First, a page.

Tuesday, March 30, 2010

Video: Triangular Shaped UFO / OVNI - Luque, Paraguay - 3/26/2010




Click for video

Residents of the city of Luque witnessed a strange luminous object late at night. It was soon reported as a UFO. Startled, they described the event and displayed the recording.



inexplicata - According to their story, the sighting involved a large object with several lights whose colors changed constantly.

Raul Torres explained that his sister informed him of the object's manifestation. He went outside for a look and realized that it was an object moving slowly across the skies, with lights that changed colors.

"It wasn't your ordinary star. It moved and then remained still," added Selva Torres. "Its bright flashes, and its colors, impressed us all. Many of us here were watching."

NOTE: I just wish people would stop using the 'X-Files' theme on these videos. Anyway, it's not the best quality video but depicts some interesting movement from this object. Luque is near the national capital Asuncion in central Paraguay...Lon

Video: Triangular Shaped UFO / OVNI - Luque, Paraguay - 3/26/2010

Monday, March 29, 2010

Terrified Katie 'Jordan' Price Selling Her Haunted Mansion


NOTW - Terrified Jordan is selling off her mansion...because a pair of ghosts are putting the willies up her.

The glamour queen has told pals she's had enough of the spooky woman who appears upstairs and a scary ghoul that hogs her sunbed.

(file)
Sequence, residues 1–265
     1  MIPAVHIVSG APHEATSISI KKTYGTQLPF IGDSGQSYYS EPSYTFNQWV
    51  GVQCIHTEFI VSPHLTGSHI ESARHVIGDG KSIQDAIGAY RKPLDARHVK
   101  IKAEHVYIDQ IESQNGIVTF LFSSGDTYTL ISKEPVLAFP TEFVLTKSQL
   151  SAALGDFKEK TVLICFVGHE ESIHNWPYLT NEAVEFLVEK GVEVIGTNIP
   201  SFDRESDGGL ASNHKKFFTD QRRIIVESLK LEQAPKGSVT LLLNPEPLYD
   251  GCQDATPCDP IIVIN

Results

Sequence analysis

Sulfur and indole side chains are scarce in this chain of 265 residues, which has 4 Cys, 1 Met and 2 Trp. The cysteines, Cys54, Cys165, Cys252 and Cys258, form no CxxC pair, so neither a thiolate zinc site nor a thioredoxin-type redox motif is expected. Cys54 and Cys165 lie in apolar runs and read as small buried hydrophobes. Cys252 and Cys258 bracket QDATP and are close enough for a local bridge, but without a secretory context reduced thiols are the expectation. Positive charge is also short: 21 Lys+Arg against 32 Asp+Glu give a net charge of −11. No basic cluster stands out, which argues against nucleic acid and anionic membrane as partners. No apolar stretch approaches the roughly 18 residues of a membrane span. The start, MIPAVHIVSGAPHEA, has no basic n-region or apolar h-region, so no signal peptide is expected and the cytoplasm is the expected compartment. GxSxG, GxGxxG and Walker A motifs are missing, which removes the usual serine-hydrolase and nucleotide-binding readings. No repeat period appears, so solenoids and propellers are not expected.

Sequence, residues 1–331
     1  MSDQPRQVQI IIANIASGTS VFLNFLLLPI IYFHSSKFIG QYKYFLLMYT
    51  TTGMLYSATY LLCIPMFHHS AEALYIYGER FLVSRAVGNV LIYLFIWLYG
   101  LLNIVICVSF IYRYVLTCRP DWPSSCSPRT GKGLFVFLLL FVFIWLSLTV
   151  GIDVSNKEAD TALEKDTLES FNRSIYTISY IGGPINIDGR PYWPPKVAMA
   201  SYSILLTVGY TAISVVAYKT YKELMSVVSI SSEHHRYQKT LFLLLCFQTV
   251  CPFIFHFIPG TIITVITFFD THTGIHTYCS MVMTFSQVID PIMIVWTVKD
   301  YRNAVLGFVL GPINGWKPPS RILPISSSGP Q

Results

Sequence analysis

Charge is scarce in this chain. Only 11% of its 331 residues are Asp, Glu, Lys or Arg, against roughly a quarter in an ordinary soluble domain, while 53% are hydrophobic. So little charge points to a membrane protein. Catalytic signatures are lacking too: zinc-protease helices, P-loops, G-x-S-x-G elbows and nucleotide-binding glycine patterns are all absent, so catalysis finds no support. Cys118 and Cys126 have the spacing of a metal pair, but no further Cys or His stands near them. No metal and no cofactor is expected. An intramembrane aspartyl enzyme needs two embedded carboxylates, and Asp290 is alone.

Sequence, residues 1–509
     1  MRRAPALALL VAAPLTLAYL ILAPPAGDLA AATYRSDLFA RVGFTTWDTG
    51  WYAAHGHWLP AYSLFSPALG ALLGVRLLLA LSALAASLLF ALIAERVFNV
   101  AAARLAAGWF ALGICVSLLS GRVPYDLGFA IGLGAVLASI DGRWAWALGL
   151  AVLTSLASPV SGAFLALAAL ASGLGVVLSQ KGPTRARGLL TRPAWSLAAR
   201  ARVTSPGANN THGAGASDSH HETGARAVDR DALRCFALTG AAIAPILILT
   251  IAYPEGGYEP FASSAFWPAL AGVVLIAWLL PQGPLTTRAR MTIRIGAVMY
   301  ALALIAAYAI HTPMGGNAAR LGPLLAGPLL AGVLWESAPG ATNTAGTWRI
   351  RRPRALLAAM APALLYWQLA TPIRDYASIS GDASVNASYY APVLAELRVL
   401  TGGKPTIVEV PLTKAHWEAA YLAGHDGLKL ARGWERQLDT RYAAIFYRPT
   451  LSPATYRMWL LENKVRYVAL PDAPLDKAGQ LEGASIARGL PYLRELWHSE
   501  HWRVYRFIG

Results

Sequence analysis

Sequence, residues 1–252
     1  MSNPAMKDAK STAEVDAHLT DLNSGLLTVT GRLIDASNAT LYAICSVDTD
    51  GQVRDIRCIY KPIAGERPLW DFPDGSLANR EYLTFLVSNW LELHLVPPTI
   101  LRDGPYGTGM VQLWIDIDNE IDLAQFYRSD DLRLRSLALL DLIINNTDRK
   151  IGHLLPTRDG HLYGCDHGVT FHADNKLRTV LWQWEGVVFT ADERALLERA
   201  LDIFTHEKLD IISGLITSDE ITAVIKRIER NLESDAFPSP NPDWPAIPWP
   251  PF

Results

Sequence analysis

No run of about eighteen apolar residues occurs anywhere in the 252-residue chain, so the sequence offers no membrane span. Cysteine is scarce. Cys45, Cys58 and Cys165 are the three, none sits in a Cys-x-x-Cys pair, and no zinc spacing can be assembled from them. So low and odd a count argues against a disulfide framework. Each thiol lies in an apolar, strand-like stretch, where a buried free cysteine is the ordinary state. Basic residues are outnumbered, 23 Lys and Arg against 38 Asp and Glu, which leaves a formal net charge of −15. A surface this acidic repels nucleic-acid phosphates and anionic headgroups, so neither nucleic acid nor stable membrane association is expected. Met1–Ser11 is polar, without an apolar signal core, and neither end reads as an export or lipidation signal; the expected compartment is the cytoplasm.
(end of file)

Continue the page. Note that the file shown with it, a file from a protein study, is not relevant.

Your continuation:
But she's not thinking of calling Ghostbusters.

Instead the reality TV star - real name Katie Price - is phoning her estate agent to put the £2.5 million home on the market. She currently shares the "haunted house" with her very own Slimer, Alex Reid.

Last night, a close friend of the reality TV star revealed: "Katie wants out of there quickly as she's convinced it's haunted by a pair of ghosts.

"She feels like she's being driven out of her own home by spirits - she's had enough."

Jordan, 31, reckons the first ghoul is an old lady who lives on the upper floors of the Surrey estate in Woldingham, which she previously shared with ex-husband Peter Andre.

The pal went on: "Even Alex has told her he's seen the ghost. They're convinced there's an old lady upstairs. You can't tell them otherwise."

The second ghost, who they think is a man, haunts the sunbed Jordan had installed to keep her looking bronzed. The source added: "Katie has a sunbed room near the bottom of the house and she believes it's haunted by a ghost.

"She's seen shadows on a regular basis. A few weeks ago she thought the ghoul had tampered with the sunbed and she can't get that out of her head."

And as a result, the star of What Katie Did Next is desperate to leave the house, despite redecorating recently.

She even called in psychic Sally Morgan to investigate to goulish goings-on.

The friend said: "Katie's put up with them for as long as she could and now the time has come to move out.

"The house was once the site of a retirement home so there may have been a lot of deaths.

"In her head she's absolutely certain what's going on and she doesn't care what people have to say about it."

Jordan bought the house in June 2008. It is set in 1.5 acres of land and includes a swimming pool, triple garage, gym, and a marble staircase. But pals believe Jordan is really being haunted by her former flame Peter Andre and doesn't like to be reminded of his presence at the house.

One said: "Deep down she hates being reminded of Pete on a daily basis. Despite what she says, she misses him.

"It's sad really. She keeps talking about these ghosts, but it's as if she's haunted by the memory of her and Peter."

Sounds like you need an EXorcism, Katie.

Terrified Katie 'Jordan' Price Selling Her Haunted Mansion

Strange Night in Saskatchewan

MUFON witness report - Kisbey, Saskatchewan, Canada - (unedited except for spelling corrections): I need to be taken seriously right now I am not crazy or a liar just because people did not see it does not mean it did not happen..